As part of its work program to enhance the resilience of the NBFI sector, the FSB will consider further enhancements to the annual monitoring exercise in light of the COVID-19 experience.


December 13, 2021

Bail-in Execution Practices Paper

The FSB has published a Practices Paper on the Execution of Bail-in.

Bail-in is at the core of resolution strategies for global systemically important banks (G-SIBs). Set out in the Key Attributes of Effective Resolution Regimes for Financial Institutions, it is an important tool enabling an orderly resolution that minimizes any impact on financial stability and ensures the continuity of critical functions, without exposing taxpayers to loss.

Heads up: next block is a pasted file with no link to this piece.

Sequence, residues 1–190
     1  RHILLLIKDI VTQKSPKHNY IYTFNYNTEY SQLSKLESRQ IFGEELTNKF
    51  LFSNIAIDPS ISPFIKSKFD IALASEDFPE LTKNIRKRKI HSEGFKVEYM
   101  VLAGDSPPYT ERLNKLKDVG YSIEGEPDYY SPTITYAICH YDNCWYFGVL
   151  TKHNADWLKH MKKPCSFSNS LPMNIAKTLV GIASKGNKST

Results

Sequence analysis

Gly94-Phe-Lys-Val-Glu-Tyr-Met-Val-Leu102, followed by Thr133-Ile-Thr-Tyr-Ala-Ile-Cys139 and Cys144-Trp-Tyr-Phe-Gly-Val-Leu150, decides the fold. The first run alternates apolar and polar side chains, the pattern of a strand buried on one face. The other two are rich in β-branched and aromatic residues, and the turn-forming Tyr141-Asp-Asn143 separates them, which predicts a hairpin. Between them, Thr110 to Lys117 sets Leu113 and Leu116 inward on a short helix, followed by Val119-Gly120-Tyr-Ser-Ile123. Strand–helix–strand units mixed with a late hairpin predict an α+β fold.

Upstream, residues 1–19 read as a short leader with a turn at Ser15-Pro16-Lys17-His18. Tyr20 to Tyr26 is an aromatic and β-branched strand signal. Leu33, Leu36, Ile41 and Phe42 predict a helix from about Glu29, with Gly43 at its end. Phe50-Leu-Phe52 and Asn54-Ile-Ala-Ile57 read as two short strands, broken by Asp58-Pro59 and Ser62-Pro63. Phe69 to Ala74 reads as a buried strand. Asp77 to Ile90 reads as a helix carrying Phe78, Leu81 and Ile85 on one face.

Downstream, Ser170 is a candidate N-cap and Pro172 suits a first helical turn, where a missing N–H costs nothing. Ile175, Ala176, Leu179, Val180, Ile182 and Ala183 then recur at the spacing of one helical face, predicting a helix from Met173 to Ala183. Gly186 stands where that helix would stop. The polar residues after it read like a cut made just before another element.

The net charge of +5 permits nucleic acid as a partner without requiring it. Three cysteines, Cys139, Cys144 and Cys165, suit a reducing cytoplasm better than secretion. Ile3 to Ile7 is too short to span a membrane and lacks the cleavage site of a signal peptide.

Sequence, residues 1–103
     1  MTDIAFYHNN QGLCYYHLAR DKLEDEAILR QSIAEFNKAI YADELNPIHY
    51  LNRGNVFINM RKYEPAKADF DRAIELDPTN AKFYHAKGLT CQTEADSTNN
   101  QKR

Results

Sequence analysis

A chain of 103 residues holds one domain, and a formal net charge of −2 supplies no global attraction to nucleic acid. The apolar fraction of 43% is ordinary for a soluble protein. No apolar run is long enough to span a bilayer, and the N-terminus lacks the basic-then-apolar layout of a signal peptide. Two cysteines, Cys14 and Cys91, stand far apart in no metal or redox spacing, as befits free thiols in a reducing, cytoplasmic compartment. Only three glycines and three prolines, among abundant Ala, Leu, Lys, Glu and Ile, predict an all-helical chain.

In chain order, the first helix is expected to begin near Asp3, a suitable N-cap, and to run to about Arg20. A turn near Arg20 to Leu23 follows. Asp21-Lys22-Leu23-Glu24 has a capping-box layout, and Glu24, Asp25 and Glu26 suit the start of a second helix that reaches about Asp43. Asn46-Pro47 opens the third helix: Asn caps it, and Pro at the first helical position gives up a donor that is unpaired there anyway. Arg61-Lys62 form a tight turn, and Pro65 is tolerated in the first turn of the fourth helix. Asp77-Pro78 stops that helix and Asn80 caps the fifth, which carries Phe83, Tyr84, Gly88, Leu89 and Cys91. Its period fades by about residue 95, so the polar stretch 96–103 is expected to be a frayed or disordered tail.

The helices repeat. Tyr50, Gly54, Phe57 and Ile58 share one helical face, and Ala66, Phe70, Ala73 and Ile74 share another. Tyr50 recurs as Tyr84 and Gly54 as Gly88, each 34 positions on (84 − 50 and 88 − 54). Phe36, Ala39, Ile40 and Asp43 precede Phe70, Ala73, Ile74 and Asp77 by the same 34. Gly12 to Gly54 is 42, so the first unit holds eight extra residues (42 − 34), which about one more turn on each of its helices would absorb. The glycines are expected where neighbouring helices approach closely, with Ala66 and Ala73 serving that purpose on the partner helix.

Operationalizing bail-in is a critical part of resolution planning for G-SIBs and other firms where bail-in is part of the resolution strategy. Since the adoption of the FSB's Principles on Bail-in Execution, resolution planning has progressed, and authorities have developed approaches and practices in accordance with their respective jurisdictions’ legal frameworks, securities law and exchange requirements.

The FSB will continue to facilitate the sharing of practices amongst authorities and efforts to address these issues, including by continuing its engagement with stakeholders as part of the work of its Resolution Steering Group and Bank Cross-Border Crisis Management Working Group.


December 13, 2021

A Draft Framework for Money Laundering/Terrorist Financing Risk Assessment of a Remittance Corridor